Addie and Keedie are autistic. Their family, including Keedie’s twin Nina, have learned how to help make things easier for both girls offering them space to process feelings and deal with sensory overload. But the rest of Juniper is far less accomodating–something Addie is learning firsthand as her best friend drops her to be more popular and her new teacher constantly bullies and belittles Addie.
Addie suspects Keedie isn’t doing very well at college herself where she is struggling to “mask” as neurotypical. But no one wants to talk to Addie about that.
When Addie learns about the witches who were hanged in Juniper during a witch trial, she immediately recognizes kindred spirits. The more she learns, the more clear it is that these witches were women who were a lot like Addie and her sister–women who didn’t quite fit the mold for what the town considered “normal”, women who had no one to speak for them.
Addie’s campaign for a memorial to the Juniper witches draws ire from her teacher and local officials. But it also brings a new solidarity with her family, new friends, and a chance for meaningful change in A Kind of Spark (2021) by Elle McNicoll.
A Kind of Spark is narrated by Addie (whose voice is brought to life, complete with Scottish accent, in the audiobook by narrator Katy Townsend) and set in a small Scottish town. All characters are presumed white. This title received an honor for the Schneider Family Book Award which is awarded yearly by ALA to “honor an author or illustrator for a book that embodies an artistic expression of the disability experience for child and adolescent audiences.”
Addie’s first person narration is great and, as written by neurodivergent author McNicoll, authentic as she navigates everyday problems like making new friends alongside bigger challenges like campaigning for a memorial for the witches.
While it adds a lot of tension to the story, and leads to a dramatic conclusion with both Keedie and Nina rallying around Addie, the bullying Addie faces from her teacher feels over the top. The abuse is so extreme it had me questioning if I was actually reading historical fiction (even with Nina being a beauty vlogger) because it felt like the kind of treatment a character would face decades ago. I’ll add that I have no familiarity with Scotland or small town life so that might be part of the problem. But it also also felt very strange to have Addie tell her parents about how mean her teacher is (the book opens with Addie’s classwork being torn up because the handwriting is too messy) and they laugh it off and remark that Addie’s grandfather “got the strap” in school and he turned out fine. First of all, it’s hard to believe parents presented as being attentive and caring for Addie (and Keedie) would shrug that off–especially when the threat of forced institutionalization looms over both autistic girls after Keedie’s best friend was forced into a care facility. Second of all, my grandfather also had similar abuses in school–but I am at least twenty years older than Addie which again points to a dated portrayal. My best guess is that the author translated some of her own experiences as a neurodivergent young person to this modern book without fully factoring in changes to social norms/behaviors. And, again, maybe this is more of an issue in small towns that my urban self realizes.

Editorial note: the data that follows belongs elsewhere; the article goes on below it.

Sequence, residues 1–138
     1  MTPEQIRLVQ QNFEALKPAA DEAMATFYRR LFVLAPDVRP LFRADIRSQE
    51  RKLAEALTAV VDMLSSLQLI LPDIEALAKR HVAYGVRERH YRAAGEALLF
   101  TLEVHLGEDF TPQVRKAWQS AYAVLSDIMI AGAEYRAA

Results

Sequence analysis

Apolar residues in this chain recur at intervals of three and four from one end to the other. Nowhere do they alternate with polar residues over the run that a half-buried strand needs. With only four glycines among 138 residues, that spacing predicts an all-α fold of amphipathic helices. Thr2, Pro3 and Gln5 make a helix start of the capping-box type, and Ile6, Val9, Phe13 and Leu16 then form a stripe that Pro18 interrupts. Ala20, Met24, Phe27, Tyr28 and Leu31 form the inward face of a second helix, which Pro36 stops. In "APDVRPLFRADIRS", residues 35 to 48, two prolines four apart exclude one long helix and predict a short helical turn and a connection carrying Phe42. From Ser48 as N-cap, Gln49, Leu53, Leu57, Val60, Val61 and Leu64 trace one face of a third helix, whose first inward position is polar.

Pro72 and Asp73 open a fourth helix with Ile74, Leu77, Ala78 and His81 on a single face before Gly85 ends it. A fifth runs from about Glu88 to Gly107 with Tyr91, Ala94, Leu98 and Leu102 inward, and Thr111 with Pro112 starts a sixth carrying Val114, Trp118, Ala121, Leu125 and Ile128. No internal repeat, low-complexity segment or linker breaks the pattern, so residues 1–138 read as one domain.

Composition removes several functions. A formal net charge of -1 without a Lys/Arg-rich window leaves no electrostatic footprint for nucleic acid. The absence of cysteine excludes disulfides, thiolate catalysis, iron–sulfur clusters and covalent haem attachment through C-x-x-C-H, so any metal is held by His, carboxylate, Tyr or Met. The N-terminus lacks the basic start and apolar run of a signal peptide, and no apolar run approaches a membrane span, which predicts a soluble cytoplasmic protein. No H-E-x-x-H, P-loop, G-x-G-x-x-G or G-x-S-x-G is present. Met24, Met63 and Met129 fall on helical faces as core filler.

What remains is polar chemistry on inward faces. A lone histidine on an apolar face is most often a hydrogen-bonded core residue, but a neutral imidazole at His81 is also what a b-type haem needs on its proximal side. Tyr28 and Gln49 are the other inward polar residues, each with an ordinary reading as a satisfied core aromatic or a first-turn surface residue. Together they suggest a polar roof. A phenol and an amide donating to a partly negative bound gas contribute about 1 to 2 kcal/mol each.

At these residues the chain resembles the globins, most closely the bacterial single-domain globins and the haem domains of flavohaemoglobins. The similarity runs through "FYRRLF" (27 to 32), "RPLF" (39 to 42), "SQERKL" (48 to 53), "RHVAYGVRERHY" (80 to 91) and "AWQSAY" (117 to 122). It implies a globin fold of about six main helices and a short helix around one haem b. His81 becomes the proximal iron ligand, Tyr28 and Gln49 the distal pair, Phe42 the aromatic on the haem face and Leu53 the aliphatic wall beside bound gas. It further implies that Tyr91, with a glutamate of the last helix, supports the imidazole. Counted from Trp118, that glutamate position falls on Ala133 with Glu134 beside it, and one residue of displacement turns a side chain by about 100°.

A Kind of Spark expertly weaves Addie’s personal journey with her research and advocacy for the witches creating a multi-faceted and compelling story. The inter-family dynamics with Keedie trying to attend college without requesting accomodations and Nina choosing to pursue content creation instead of college add another layer to this story that, ultimately, reminds readers to celebrate what makes them different.
Possible Pairings: The Crossover by Kwame Alexander, Alice Austen Lived Here by Alex Gino, Fish in a Tree by Lynda Mullaly Hunt, Rain Reign by Ann M. Martin, Tune It Out by Jamie Sumner